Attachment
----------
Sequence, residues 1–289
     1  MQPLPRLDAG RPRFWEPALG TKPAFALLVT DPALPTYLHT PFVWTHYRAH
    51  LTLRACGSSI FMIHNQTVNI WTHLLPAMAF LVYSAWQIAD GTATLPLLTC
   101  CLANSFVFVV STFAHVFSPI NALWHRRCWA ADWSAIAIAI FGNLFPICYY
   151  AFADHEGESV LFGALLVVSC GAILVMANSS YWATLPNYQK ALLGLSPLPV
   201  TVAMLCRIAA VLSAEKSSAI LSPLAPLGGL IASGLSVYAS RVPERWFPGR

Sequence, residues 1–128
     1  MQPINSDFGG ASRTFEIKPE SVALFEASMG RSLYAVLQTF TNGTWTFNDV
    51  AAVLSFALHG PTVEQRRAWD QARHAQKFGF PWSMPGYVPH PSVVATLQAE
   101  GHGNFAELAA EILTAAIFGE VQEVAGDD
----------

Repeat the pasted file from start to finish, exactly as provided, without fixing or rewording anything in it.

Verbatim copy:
Sequence, residues 1–289
     1  MQPLPRLDAG RPRFWEPALG TKPAFALLVT DPALPTYLHT PFVWTHYRAH
    51  LTLRACGSSI FMIHNQTVNI WTHLLPAMAF LVYSAWQIAD GTATLPLLTC
   101  CLANSFVFVV STFAHVFSPI NALWHRRCWA ADWSAIAIAI FGNLFPICYY
   151  AFADHEGESV LFGALLVVSC GAILVMANSS YWATLPNYQK ALLGLSPLPV
   201  TVAMLCRIAA VLSAEKSSAI LSPLAPLGGL IASGLSVYAS RVPERWFPGR

Sequence, residues 1–128
     1  MQPINSDFGG ASRTFEIKPE SVALFEASMG RSLYAVLQTF TNGTWTFNDV
    51  AAVLSFALHG PTVEQRRAWD QARHAQKFGF PWSMPGYVPH PSVVATLQAE
   101  GHGNFAELAA EILTAAIFGE VQEVAGDD